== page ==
8 Simple Badminton Exercises To Improve Your Agility and Leg Strength

by | Jan 26, 2020 | Exercise Guides | 0 comments

Leg strengthening and agility exercises are key to improving your badminton game. They will speed up your movement around the court and make you less likely to pick up an injury.

You do not need gym equipment for this. All you need is a bench or a raised platform. In my video I showcase these exercises:

If you want more in depth descriptions then below are the methods, benefits and an idea of the number of sets and repetitions you need to perform.

  1. Side to Side Squat Jumps

Method

Stand with your feet shoulder width apart, with your hands clasped in front of you.

Squat down and then hop from side to side maintaining the squat form.

Benefits

This will work your quadriceps, calf muscles and hamstrings.

Number of sets and repetitions

Do 3 sets of 20 reps.

2. Alternating Stepping Lunges

Method

Stand upright with your feet shoulder width apart.

Lunge forward a full stride with your heel landing first.

At the same time you place your opposite knee close to the floor.

Keep your hands on your hips or behind your back to stop them from interfering with the exercise.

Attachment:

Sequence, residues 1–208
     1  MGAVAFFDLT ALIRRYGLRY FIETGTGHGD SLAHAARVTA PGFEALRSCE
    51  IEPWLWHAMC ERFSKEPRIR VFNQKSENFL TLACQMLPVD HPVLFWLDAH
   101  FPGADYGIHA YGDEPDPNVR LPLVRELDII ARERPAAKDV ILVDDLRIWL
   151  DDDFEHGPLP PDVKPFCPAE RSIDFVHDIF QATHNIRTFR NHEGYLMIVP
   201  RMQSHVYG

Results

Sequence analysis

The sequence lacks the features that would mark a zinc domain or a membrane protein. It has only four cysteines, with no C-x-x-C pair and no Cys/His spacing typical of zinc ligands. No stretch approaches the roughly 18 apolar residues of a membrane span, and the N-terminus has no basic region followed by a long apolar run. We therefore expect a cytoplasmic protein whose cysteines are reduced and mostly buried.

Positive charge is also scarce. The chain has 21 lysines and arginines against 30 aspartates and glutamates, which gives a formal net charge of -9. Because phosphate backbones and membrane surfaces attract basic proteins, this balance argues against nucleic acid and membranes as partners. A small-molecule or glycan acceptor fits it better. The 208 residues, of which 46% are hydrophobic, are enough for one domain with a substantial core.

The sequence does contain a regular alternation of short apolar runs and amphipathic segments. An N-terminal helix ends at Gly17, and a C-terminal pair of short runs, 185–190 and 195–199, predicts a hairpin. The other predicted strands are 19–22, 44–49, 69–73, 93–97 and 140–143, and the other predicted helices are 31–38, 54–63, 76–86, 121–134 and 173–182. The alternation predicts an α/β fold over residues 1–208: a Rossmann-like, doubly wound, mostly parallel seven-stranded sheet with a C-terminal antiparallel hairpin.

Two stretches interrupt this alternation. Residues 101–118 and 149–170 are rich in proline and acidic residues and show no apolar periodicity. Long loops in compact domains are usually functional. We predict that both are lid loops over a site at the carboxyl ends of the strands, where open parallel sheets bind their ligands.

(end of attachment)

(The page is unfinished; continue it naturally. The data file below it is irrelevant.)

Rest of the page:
Alternate between legs.

Benefits

This exercise will strengthen your glutes, hamstrings, calf muscles and quadriceps. It was also improve your lunges in your badminton footwork and better your balance.

Number of sets and repetitions

Do 10 to 15 lunges in 3 sets.

After a while you could hold dumbbells during this exercise to increase the difficulty.

3. Shuttle Runs

Method

This exercise requires an open space, I like to use the width of a badminton court.

Place objects at one side of the court (for example shuttlecocks).

Using the other side as a starting point, go back and forth picking up the objects and taking them back to the other side.

Try to do this as fast as you can!

You might wish to mimic the footwork you use when moving from side to side across the court.

Benefits

This will benefit your glutes, quadriceps, calves, and core. It will further improve your explosiveness, agility and fitness.

Number of sets and repetitions

Do this exercise 2 to 3 times with 60 second breaks in between.

4. Alternating Calf Raises

Method

Stand facing a wall.

Shift your weight onto 1 leg whilst resting your hands gently on the wall to maintain balance.

With your weight on the 1 leg stand up on the balls of your foot whilst pressing them into the floor.

Then slowly lower your heel until it is in line with your toes.

You should feel the pressure on your calf when you are lowering your heel.

 Raise your heel back up again slowly and then repeat.

After completing your number of reps repeat this exercise with the other leg.

Benefits

This exercise will strengthen your calves and ankles. It will also improve your balance.

Number of sets and repetitions

Do 10 reps for each leg with 3 sets for each leg.

After doing this exercise for a few weeks you could consider holding weights for the exercise if you start finding it too easy.